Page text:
Today was a "fumbling" kind of day. I made mistakes. I communicated poorly. I might have jeopardized an important business relationship because I treated someone rather brusquely before I realized what I was doing. On top of that, I had to have a couple of tough conversations with people who work for me. Feelings were quite probably hurt.
The mantle of leadership felt too heavy on my shoulders today. It was the kind of day that made me wish (at least momentarily) that I could throw off the mantle and just count widgets for awhile. Maybe just for a day or two. At least then I wouldn't have to make decisions or walk tenderly around relationships - I'd just count. Counting I can do. In fact I'm quite competent at it. 1. 2. 3... This leadership stuff... I'm just not feeling quite as competent today.
A few days ago, when I was cleaning up a corner of the basement for "the renovation project that will see my hair turning grey before it's finished", I came across an envelope addressed to me in my father's unmistakable handwriting. I think there were only two or three times I ever got anything in the mail from my dad. I wrote about another one of those times here. I could never throw any of them out, but I don't quite know what to do with them, so they have a way of popping up now and then when I'm cleaning. When I got home from work today, I re-read the one I'd most recently found. I needed it.
On a little pink scrap of paper (something that had been discarded from the Auction Mart where he worked - my dad was into recycling long before it was trendy), was this very brief note.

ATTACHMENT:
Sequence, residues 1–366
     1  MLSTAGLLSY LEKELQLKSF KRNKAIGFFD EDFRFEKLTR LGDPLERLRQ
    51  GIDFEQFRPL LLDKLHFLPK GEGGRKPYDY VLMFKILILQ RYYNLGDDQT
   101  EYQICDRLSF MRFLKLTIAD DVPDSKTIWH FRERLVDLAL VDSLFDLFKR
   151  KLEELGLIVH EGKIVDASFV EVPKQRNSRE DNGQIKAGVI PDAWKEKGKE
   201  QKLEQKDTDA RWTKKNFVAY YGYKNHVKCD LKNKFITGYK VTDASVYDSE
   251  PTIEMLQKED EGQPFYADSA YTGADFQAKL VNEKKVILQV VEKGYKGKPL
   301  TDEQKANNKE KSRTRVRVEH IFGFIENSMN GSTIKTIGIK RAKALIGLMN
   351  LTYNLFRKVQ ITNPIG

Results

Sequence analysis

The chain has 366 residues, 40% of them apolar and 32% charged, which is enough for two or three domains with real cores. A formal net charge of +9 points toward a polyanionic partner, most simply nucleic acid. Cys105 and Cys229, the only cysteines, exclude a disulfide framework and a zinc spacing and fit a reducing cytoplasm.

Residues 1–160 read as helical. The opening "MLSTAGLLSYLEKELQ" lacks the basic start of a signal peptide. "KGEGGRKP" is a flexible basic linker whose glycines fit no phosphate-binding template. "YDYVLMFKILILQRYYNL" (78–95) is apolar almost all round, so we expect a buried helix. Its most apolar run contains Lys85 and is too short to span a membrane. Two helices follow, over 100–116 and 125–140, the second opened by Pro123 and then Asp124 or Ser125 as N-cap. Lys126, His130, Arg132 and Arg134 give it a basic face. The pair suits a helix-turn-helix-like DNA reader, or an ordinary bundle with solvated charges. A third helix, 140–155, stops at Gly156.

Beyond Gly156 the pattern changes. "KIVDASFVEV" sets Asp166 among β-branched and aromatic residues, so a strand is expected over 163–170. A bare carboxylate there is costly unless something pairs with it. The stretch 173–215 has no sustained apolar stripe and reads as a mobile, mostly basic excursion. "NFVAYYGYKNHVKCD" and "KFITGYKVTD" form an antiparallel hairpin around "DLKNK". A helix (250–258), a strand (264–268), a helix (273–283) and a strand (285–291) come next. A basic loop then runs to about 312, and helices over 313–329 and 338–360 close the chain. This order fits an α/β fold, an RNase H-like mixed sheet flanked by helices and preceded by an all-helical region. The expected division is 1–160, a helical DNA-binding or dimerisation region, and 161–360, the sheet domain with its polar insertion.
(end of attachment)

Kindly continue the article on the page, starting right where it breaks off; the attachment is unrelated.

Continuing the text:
"The father of the righteous shall greatly rejoice: and he that begetteth a wise child shall have joy of him." Proverbs 23:24
I don't remember what preceded this note. The postmark says 1999, but I can't remember if there was something significant that happened that year that made my dad send me a note that, in his own way, said "I'm proud of you. You are a wise child." Perhaps I'd accomplished something that he wanted to honour me for. Or perhaps it was a time when I was filled with self-doubt and he thought I needed to hear that I was capable and that he believed in me.
I don't remember how it made me feel to get that simple note in the mail. I'm sure it choked me up a little. I only know how it felt to find it this weekend, four years after he died. And I know how it felt to read it again after a day that left me feeling anything but "wise".
I think I'll frame it and put it on my desk. Tomorrow when I go back to work, I'm going to need a little boost to help me move forward. If my dad believed I was wise, then who am I to doubt it?